Get your full text copy in PDF
Avraham Ishay, Ilena Chertok-Shaham, Idit Lavi, Rafael Luboshitzky
Med Sci Monit 2009; 15(4): CR151-155
Subclinical hypothyroidism is a common thyroid disorder. Although there is a recognized association between thyroid disease and diabetes mellitus, there is no definite answer as to whether screening for subclinical hypothyroidism is necessary in patients with type 2 diabetes. The objective of the present study was to evaluate the prevalence of subclinical hypothyroidism in women with type 2 diabetes. MATERIAL/MEthods: Four hundred ten women with type 2 diabetes (aged 59.6+/-10.9 years) and 125 women without diabetes (aged 51.8+/-15.8 years) were studied. Subclinical hypothyroidism was defined as a thyroid stimulating hormone level above the upper normal limit together and a normal free thyroxine level. Measurements of lipids, glycosylated hemoglobin, and antithyroid antibody levels were also performed.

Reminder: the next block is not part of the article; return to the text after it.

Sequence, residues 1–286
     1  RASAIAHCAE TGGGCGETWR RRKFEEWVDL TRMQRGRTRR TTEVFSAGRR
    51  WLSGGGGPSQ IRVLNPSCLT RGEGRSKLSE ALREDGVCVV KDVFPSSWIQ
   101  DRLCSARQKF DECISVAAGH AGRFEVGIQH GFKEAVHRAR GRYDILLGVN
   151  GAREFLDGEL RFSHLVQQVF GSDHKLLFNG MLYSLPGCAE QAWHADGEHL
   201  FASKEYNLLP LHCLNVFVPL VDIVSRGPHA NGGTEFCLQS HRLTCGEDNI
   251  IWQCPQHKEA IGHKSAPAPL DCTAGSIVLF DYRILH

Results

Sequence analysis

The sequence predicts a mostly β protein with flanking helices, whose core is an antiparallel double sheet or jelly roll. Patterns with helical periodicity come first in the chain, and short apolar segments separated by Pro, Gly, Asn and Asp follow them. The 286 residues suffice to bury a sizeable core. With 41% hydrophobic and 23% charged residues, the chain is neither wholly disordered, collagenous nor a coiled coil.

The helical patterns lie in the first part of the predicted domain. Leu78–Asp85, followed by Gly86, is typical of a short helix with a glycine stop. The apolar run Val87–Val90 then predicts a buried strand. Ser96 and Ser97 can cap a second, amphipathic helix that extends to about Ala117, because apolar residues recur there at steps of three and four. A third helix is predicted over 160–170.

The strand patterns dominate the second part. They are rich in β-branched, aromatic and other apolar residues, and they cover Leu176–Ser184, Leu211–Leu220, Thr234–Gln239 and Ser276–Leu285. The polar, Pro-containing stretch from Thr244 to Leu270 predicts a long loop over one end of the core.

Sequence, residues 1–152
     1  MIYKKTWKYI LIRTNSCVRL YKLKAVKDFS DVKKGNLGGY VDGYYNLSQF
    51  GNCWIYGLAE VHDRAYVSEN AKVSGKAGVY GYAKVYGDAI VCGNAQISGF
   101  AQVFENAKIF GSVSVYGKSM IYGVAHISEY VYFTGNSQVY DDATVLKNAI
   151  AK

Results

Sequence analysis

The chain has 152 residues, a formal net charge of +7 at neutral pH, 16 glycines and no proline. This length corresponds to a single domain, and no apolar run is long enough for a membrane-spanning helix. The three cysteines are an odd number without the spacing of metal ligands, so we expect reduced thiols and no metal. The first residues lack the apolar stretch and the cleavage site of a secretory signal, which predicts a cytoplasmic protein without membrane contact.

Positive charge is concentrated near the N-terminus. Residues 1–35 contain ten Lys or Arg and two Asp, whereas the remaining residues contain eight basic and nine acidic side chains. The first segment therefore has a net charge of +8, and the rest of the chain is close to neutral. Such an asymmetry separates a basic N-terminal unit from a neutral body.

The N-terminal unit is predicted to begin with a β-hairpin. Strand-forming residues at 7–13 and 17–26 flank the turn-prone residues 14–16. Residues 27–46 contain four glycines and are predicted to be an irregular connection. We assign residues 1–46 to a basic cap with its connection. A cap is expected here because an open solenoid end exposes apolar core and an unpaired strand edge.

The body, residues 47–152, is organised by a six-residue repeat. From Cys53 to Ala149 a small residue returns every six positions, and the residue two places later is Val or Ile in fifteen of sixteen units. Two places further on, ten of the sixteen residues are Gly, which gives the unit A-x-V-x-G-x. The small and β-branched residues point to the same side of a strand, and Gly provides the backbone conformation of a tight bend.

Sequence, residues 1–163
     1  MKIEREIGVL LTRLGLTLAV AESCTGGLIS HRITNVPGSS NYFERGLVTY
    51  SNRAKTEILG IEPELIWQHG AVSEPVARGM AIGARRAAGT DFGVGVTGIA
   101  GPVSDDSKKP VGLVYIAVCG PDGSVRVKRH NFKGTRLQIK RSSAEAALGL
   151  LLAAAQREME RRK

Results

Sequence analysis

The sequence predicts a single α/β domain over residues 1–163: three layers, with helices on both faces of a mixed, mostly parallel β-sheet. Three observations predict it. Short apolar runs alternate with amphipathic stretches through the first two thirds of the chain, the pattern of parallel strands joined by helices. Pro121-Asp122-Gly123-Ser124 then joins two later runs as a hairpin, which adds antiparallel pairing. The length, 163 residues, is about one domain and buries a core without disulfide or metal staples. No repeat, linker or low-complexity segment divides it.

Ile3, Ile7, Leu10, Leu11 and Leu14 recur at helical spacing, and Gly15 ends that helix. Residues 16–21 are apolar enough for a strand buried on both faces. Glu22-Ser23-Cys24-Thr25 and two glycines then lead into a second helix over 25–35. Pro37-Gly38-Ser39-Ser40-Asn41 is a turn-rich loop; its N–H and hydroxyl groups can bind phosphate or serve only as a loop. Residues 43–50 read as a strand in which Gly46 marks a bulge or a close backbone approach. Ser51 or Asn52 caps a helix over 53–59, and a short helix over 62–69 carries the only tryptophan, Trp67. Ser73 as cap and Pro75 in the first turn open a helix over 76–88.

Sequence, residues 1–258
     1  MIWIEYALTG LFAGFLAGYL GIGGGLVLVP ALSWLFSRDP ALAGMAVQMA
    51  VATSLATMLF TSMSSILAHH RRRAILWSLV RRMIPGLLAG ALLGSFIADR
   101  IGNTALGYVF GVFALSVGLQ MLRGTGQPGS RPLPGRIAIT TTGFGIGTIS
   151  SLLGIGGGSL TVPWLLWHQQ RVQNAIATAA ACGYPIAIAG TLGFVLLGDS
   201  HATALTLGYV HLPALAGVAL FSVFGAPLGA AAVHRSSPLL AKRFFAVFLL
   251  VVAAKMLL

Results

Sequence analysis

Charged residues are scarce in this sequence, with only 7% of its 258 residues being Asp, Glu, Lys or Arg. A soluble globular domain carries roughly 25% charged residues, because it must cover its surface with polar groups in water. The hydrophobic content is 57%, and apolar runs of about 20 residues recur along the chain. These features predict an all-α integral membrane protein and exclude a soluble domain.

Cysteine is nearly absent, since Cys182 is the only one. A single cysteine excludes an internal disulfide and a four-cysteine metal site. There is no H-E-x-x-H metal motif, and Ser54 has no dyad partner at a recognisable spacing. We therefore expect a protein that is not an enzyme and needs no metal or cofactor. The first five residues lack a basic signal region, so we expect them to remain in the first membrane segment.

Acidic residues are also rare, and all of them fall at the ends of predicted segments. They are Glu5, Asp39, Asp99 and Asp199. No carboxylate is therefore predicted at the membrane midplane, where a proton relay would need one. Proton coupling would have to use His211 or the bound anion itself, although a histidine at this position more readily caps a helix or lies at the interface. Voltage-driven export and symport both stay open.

Material and Method:
Results: After excluding patients with previous thyroid disease, the prevalence of subclinical hypothyroidism was similar between patients with diabetes and control subjects (5.4% vs 7.9%, respectively) (P=0.32). When patients with known thyroid disease were included, the prevalence of subclinical hypothyroidism between groups was similar (9% in diabetes vs 8% in control subjects) (P=0.75). Across all participants, positivity for antithyroid antibody was significantly higher in patients with subclinical hypothyroidism than in euthyroid subjects.
Conclusions: The similar prevalence of subclinical hypothyroidism in women with type 2 diabetes and women without diabetes suggests that routine screening of thyroid function in patients with type 2 diabetes is unwarranted.